Part IV: Unshakable Resolve

It wasn’t until after Garret and the soldiers under his command had wrapped and secured the bodies of Sergeant Anya Patel and Private Jose Maldanado that he endeavored to answer Private Anders’ question. Jose had been rushing for—and made the most successful attempt at reaching—the navigation console. His objective had been clear: take the ship out of warp.

“It seems to be the core part of the warp sickness,” Garret began, his surviving contingent of five awakened soldiers circled him on the bridge. “It’s commonly known that experiencing sustained amounts of time in warp space invokes madness. The Solarian Monarchy has kept many of the details regarding this madness classified. However, given that we are in open rebellion against the Monarchy, I can share the information I have with you, should you be interested.”

He looked around the circle. The initial contingent of awakened soldiers hadn’t asked Grace’s question. However, at the time, they had all been regaining their bearings. They’d been so consumed with the initial shock of it all. They’d also been too busy restraining the first of their number who’d succumbed to the madness.

Captain Andre Freeman and Private Grace Anders exchanged a long look. Ensigns Williams, Carth, and Jacobs remained silent. Captain Freeman cleared his throat. “I’d like a more detailed explanation, sir.”

Another glance around the circle conveyed no objections. Garret sighed. “Very well then. Here’s what we know.

“The symptoms are consistent: visual and auditory hallucinations, combined with headaches, nausea, and symptoms of uneasiness. I doubt I need to describe these to you in any further detail.”

Indeed, he was experiencing such symptoms even as he spoke. The crimson haze occluded nearly everything immediately outside the perimeter of their circle. Snaking tendrils of darkness crawled across surfaces that, upon being touched, revealed no contamination. And then there was that wretched buzzing that tried to whisper words into his mind.

“No one has identified exactly what causes these sensations,” he continued. “Any science team the Solarians deployed was lost before any substantive data could be retrieved. The most prevalent theory states that the warp exudes a kind of radiation that disrupts neurological activity.

“What this theory does not explain is why the reported symptoms are so consistent, and why the message received is always the same: ‘Get out, get down.’ Perhaps it is a biological imperative. On some level, our minds know we find ourselves in an unnatural environment. It might thus be understandable that we would hallucinate stimuli driving us to leave said environment.”

He felt like he should say more, some concluding remark that would inspire confidence in the awakened crew regarding their ability to survive this. Unfortunately, nothing came to mind. Jax was not one for lying to others for the sake of their feelings.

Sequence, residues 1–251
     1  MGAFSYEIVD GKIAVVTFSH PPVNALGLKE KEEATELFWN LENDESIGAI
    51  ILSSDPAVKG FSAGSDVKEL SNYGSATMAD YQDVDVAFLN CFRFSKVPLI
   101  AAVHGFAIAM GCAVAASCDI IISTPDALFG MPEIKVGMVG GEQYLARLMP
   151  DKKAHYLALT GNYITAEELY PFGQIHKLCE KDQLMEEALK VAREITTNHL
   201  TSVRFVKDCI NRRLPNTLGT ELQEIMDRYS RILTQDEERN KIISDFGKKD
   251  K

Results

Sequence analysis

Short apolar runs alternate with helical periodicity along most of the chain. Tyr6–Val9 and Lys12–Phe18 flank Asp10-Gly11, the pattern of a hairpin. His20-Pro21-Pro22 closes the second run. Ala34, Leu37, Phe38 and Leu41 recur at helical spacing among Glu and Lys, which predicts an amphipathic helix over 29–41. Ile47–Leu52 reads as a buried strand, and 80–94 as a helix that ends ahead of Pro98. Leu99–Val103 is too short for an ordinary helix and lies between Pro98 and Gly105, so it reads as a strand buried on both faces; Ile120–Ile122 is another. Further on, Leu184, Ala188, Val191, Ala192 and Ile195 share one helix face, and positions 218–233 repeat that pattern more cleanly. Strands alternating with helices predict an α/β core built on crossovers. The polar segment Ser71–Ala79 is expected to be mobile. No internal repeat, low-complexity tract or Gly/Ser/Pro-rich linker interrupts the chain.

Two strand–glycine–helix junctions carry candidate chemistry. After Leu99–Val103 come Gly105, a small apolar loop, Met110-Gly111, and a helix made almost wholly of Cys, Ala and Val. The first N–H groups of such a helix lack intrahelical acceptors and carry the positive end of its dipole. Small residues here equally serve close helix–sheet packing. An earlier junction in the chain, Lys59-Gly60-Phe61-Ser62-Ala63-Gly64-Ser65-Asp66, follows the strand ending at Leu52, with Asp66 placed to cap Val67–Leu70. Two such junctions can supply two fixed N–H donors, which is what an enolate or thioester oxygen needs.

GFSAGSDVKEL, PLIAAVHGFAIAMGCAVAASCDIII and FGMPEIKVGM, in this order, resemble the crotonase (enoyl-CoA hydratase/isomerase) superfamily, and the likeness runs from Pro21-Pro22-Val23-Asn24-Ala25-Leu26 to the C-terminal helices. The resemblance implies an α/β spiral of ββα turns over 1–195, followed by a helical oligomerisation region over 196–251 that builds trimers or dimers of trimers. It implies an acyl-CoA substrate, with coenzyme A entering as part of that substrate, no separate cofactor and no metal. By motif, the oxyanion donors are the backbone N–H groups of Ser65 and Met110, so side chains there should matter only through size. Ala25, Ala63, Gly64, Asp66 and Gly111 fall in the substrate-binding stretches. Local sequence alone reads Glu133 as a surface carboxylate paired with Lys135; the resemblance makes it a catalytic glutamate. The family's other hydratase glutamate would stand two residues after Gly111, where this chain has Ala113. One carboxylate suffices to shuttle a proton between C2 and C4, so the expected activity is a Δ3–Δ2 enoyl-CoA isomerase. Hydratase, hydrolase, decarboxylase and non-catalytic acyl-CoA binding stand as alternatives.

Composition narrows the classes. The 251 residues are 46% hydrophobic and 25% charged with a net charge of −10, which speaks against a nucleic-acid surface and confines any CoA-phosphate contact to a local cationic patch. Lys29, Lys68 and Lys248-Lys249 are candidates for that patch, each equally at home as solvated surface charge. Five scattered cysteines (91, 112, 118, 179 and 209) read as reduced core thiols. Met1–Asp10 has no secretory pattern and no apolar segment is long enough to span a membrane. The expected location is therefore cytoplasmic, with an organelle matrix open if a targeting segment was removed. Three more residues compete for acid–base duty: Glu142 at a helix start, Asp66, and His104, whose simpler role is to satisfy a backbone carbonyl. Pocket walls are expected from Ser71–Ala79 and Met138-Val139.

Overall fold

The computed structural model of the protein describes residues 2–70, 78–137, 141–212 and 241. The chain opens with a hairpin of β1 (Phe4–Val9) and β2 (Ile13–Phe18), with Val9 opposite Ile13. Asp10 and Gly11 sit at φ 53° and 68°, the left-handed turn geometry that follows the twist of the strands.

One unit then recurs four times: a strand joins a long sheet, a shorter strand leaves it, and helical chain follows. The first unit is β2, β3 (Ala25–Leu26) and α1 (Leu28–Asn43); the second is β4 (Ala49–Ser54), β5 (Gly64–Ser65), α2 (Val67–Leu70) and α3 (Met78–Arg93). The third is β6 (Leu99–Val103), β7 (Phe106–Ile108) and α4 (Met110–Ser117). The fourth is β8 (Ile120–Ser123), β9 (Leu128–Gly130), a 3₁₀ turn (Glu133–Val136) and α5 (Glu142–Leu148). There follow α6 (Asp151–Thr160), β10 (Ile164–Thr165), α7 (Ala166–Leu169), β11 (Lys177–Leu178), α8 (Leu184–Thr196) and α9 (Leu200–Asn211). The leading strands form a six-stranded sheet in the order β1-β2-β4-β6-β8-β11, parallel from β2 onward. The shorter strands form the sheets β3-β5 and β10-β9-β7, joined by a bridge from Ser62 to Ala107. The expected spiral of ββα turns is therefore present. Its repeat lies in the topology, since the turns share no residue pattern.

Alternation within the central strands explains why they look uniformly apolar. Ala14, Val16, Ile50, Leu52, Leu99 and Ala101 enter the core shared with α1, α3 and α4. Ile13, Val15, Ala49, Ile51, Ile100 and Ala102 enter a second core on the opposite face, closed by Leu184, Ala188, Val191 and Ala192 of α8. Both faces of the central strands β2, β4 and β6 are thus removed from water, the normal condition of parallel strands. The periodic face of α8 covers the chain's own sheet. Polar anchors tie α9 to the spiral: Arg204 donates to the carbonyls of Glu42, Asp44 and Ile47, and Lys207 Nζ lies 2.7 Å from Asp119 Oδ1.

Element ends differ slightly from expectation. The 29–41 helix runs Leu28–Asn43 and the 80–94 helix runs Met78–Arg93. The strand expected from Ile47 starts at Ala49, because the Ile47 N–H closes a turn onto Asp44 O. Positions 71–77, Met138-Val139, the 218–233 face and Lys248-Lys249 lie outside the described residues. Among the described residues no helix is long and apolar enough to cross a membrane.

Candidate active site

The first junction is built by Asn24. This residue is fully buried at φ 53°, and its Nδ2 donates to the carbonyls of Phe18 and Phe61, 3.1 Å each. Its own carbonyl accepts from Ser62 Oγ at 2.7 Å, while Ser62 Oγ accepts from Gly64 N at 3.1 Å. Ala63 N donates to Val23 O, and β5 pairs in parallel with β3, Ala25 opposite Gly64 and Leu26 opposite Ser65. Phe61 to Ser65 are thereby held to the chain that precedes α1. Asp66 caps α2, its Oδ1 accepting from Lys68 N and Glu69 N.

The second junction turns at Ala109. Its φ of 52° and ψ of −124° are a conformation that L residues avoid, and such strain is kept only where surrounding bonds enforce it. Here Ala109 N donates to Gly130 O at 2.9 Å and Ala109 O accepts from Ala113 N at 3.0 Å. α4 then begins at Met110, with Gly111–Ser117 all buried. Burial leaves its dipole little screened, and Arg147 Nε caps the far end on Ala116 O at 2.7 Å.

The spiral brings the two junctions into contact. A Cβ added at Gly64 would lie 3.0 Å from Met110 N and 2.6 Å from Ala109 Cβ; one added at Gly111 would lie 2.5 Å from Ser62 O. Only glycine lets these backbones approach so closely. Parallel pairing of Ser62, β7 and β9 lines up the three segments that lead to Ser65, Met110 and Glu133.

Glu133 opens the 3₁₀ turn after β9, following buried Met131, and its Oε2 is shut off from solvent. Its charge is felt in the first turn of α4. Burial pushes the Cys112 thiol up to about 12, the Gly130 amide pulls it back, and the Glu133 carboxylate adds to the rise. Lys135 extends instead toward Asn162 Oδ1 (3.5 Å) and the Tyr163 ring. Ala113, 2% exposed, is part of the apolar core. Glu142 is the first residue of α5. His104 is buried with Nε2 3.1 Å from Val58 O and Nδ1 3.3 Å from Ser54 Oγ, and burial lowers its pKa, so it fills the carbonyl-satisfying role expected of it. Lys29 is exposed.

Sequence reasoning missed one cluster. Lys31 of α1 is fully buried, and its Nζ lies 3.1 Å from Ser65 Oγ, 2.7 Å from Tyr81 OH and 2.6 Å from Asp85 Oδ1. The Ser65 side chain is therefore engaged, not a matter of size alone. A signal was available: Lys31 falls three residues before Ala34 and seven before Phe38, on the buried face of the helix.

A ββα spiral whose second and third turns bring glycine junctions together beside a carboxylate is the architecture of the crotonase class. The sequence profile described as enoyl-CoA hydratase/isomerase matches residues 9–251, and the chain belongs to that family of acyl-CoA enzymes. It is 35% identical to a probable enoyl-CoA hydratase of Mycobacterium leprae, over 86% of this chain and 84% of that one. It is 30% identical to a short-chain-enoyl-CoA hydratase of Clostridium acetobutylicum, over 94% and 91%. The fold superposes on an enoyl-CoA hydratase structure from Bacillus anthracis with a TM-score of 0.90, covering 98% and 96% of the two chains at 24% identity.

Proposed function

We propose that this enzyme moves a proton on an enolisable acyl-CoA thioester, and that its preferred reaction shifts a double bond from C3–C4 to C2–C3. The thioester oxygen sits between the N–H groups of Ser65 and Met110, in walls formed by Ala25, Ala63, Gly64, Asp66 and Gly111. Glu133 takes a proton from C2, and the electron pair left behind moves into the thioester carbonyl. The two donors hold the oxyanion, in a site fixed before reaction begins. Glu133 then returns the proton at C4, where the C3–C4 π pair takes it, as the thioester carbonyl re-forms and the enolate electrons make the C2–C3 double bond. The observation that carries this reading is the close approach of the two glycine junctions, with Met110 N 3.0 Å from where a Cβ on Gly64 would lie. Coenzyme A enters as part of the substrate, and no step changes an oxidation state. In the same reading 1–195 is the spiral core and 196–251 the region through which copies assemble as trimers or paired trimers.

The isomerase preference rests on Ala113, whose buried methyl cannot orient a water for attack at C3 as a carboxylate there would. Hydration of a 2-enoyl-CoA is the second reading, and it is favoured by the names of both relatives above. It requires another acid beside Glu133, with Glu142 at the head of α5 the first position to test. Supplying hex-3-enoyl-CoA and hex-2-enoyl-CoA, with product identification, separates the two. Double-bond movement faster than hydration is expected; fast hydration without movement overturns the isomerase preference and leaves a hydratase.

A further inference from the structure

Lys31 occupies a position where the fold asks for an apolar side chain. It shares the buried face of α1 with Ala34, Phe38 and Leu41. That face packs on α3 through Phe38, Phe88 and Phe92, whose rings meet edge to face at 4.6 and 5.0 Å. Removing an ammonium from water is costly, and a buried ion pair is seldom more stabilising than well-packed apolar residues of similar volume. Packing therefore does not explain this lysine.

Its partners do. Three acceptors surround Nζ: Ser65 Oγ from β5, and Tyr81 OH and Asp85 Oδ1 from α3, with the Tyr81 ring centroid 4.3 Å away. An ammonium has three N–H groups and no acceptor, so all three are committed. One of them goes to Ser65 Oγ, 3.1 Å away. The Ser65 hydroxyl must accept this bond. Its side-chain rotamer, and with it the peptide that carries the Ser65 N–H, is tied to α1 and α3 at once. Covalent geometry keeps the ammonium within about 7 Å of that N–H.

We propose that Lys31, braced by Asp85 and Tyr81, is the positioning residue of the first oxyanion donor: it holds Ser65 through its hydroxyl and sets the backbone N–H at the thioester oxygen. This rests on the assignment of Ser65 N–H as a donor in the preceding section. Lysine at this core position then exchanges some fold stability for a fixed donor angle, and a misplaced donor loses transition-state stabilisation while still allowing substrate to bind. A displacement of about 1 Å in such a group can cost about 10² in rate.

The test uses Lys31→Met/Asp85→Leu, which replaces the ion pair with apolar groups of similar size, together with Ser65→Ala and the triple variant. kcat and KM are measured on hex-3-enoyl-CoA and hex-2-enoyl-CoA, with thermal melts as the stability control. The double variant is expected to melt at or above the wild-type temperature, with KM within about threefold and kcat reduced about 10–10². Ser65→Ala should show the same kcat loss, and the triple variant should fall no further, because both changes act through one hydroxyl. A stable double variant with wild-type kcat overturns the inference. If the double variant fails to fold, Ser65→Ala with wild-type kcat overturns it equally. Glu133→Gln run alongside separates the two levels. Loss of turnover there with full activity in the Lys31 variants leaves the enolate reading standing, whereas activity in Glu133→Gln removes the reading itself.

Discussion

Grace Anders broke the silence. “Why don’t we, then? Why can’t we just drop out of warp space and figure out what went wrong?”

Captain Freeman spoke up. “Warp space doesn’t work like normal space. If we drop out in the middle of our plotted course, there’s no telling where we might end up. That includes ending up in patches of solid matter like asteroids, moons, or planets. Sol’s light, we could end up in the center mass of a star for all we know. Warp space doesn’t take into account the presence of physical objects in normal space-time. The risks are too great.”

“But is it possible?” asked Ensign Williams, a young blond man who seemed to be in his early 20s. “I mean, it’s not like we’re completely safe staying in warp space, right?”

“Debatable,” said Ensign Jacobs. He had reported to Garret earlier that he was with the engineering team. “We could start the spin down early, but it’s not an immediate response. We would also lose the AI navigational sensors that are normally engaged when coordinating an emergence point. There’d be no dodging any small objects in the way, and like Captain Freeman has stated, no avoiding large masses either.”

Garret nodded. That matched his understanding. He waited a moment to see if the others had any questions.

Anders had one more. “So, what malfunctioned? Why are we awake? And why are these goddamn sirens sounding?”

Heaving a sigh, Garret said, “Ensign Carth, can you tell the rest of the group what you told me earlier?”

Jason Carth looked uncomfortable at being called out but complied with the directive. “Radiation wave,” he reported. “With most of our sensors offline for the warp, we can’t determine much more than that. It could have been anything from an interstellar mine to a supernova.”

“But you were all brought out of hibernation before me,” Grace continued. “Did that mean there were two waves? Could there be more coming?”

Garret nodded. “We experienced a second wave around the time when you awakened. That’s why we were monitoring the lift. In our experience, we were all drawn to the bridge. We assumed that anyone else would find their way up here.”

“Then was I the only one who woke up in the last wave?”